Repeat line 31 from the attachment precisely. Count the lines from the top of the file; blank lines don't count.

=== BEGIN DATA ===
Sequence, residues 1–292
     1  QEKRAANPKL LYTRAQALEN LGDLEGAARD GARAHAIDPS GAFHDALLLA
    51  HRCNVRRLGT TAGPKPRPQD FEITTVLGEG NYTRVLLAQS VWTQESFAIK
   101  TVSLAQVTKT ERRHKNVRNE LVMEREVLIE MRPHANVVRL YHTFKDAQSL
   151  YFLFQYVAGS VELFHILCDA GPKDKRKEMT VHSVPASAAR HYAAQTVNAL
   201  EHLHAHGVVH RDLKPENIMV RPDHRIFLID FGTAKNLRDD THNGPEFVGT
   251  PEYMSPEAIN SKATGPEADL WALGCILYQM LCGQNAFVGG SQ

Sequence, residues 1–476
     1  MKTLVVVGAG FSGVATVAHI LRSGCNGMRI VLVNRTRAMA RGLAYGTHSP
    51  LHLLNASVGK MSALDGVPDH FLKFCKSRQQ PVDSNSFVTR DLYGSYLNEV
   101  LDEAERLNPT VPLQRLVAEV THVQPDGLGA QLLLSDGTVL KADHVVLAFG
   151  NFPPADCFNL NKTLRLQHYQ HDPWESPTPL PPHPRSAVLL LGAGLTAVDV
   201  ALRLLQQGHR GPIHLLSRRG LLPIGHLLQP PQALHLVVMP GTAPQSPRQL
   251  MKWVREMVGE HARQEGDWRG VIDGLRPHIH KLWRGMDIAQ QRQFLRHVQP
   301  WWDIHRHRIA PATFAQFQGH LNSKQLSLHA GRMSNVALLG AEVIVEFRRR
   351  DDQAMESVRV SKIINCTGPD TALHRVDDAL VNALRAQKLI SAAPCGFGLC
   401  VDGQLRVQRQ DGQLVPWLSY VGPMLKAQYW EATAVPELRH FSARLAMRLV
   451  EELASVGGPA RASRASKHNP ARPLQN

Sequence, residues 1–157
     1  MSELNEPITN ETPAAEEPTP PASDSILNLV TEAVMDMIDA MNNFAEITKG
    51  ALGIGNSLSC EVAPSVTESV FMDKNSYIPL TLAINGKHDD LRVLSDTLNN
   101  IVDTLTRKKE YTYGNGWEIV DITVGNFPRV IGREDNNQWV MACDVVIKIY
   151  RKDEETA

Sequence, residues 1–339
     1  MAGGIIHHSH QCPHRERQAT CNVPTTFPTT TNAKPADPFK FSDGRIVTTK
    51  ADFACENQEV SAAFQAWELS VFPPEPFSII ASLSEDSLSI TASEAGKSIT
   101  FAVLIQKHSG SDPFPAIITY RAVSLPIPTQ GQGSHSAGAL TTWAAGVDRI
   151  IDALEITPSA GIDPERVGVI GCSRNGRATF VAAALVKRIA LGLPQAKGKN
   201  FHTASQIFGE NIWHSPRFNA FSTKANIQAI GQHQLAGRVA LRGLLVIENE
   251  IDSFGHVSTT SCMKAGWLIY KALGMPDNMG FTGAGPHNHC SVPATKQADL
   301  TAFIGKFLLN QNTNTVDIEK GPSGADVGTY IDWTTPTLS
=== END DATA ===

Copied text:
   301  TAFIGKFLLN QNTNTVDIEK GPSGADVGTY IDWTTPTLS